Alban's Blog

Long live Wifi!

While Sitting here in my dressing room at the Philharmonie in Luxembourg (gorgeous hall) and listening to the second half of the concert through the speakers, I am able to check e-mail, write a blog, follow the Yankees loosing to the Red Sox (well, the bases are loaded in the 7th inning, ARod is up next…) and pay two bills – thanks to the Wifi in this entire space here! Where would we be without it? It really makes my life so much easier; already to be able to not having to talk on the phone constantly but instead do all the necessary communication via e-mail. The older I get the less I like talking on the phone, I find it so impersonal and tiring, and on top of it my memory has become so poorly that I don’t remember anything I am saying on the phone. Since I can type almost as fast as I speak (and I am a fast speaker!) it gives me much more time at hand to do important things, like checking the sports results for example (oops, ARod just grounded out, inning over) 🙂 The concert was very enjoyable, it’s a beautiful hall here, good audience (they didn’t have to pay, so it was packed, last concert of the season), and I absolutely adored the conductor of the Orchestra Philharmonique de Luxembourg, French Emanuel Krivine. Very original and strong personality, sometimes a bit too direct for certain people (especially musicians, we are soooo senstive), but with a great sense of humour and wonderful musicianship. We did Brahms Double (the concertmaster of the orchestra, Hiaoxing Ling, did a great job in his first Brahms), again I must say, and it was one of the most exciting I have been part of.

Second half consisted of Dvorak 8, and again, great drive, beautiful music making, tomorrow I’ll listen to it in the hall. Oh, it’s no hall, it’ s church, what a pity, might have to wait until next week when we have a little run-out to Amsterdam – good old Concertgebouw with its blessed acoustics will be fun. Today I got another cancellation call for somebody for doing another Elgar in Stuttgart with Sir Roger (Norrington), just during the time I am in Amsterdam. Too bad, would have loved to work for the first time with the guy who has his orchestra play without vibrato – I heard them once in Beijing playing Elgar 1st Symphony without any vibrato, and after a bit of getting used to I actually really enjoyed it. But still I believe that back then musicians vibrated, just not as wide and compulsive as nowadays. It is a wonderful exercise though to have an orchestra get used to play without the shaking of the left hand; this way they have to focus more on what they do with their bow arm, with which the actual music is being made.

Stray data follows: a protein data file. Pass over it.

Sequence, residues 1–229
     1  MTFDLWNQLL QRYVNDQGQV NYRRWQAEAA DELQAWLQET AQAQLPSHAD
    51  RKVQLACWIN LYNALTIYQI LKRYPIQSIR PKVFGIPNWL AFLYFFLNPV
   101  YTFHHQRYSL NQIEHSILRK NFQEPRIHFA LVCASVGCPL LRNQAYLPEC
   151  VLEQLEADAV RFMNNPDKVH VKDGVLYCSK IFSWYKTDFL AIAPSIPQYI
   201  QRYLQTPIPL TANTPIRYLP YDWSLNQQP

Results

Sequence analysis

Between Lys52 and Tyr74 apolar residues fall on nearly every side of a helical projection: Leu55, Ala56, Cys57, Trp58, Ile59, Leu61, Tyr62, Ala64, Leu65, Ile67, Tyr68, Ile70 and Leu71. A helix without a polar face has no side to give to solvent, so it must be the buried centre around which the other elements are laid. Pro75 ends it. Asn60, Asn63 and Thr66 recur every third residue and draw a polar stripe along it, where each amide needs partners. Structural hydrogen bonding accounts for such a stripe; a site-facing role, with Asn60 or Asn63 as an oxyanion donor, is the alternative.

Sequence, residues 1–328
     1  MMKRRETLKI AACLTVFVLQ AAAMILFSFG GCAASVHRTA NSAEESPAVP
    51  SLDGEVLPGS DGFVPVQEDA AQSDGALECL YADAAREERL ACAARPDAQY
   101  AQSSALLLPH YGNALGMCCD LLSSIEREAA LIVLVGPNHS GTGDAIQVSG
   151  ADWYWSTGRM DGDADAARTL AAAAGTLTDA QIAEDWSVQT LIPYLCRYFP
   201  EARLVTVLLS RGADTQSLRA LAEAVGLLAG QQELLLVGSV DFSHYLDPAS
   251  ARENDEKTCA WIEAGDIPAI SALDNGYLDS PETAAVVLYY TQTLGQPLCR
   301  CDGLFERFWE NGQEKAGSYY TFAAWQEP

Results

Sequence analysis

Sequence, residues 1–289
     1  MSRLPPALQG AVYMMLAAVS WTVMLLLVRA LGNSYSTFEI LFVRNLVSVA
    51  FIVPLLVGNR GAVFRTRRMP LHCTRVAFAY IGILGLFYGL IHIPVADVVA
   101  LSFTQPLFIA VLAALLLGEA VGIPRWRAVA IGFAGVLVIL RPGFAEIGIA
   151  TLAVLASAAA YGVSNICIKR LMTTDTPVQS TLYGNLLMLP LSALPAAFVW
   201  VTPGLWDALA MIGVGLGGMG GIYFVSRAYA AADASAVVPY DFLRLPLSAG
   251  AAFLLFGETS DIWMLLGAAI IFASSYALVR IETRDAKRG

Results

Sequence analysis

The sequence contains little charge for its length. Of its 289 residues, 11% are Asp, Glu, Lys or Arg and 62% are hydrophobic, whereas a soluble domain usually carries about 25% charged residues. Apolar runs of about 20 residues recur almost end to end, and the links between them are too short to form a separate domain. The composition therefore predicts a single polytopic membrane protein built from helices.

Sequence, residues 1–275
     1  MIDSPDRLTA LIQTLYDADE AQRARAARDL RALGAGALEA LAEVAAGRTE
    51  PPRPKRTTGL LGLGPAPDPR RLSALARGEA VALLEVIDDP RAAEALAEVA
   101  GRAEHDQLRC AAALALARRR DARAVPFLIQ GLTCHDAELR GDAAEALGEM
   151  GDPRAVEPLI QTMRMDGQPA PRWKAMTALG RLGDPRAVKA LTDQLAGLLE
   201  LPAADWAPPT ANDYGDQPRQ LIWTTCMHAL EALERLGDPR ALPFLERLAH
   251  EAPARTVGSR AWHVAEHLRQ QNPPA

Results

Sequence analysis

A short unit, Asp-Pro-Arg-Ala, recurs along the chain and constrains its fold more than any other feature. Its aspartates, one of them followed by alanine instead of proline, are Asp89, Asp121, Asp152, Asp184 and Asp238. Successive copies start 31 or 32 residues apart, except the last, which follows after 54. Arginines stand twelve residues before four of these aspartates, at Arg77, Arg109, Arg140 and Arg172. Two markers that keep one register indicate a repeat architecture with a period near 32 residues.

I practise very often without vibrato, entire movements, and I try not to play it cold and sterile, but with all the music I have in me, all nuances and colours, just no vibrato. Very cleansing I must say. But then on stage, with a big romantic piece like the Brahms, I am fully aware that I sometimes overdo it. Long process to learn – must have to do with the nerves and the tension on stage – and also with the fact that I do like vibrato 🙂

It is hard for me to focus these days, because the renovation work has started in our new home in Berlin, and I feel responsable and bad that I can’t be there to watch over the workers. Trust, trust, but I have had so many bad experiences with workers that I have a hard time trusting. Soon I’ll be gone to Australia and New Zealand for three weeks, I wonder how that will all work out. I’ll tell you here beginning of August. Can’t believe I am going during summertime to a country where will be winter. Arghh!!!

OK, now there is a reception, and I want to go there, because the sponsor is a Champagne company, so there will be lots of nice champagne, which I deserve after all the hard work I did tonight. Have a great night!




  • Bob Hardie

    Dear Alban,

    How do you do it? Carry on this unbelievably busy professional life, yet still have time to add to your blog fairly frequently.

    I returned to Australia two weeks ago and am still finding my “southern feet” after 3 years in New York. I don’t know if you’ve been to Australia and NZ before, but the winters are nowhere near as severe as they are in Europe. Mind you, you will be in the southern parts; hardly Hawaii! But rest assured, you will be given a very warm welcome here in the Antipodes.

    Much as I would love to, I doubt that I will get to one of your concerts here. I am in Perth, which could hardly be further away from where you’ll be. However, do have the pleasure of listening to the Haydn Concerto N0. 2 in D major as I type this.

    Enjoy the champagne.

    All the best.


  • Alban

    Dear Bob,
    well, I am looking onto the airfield here in Melbourne while waiting for my connecting flight to Hobart. Don’t worry, I’ll come to the rest of Australia fairly soon, Melbourne and Sidney next spring, and maybe one day even Perth! Yes, it is not as cold as I feared, and I am very, very excited to be here for the first time. What a great country!
    Best wishes,


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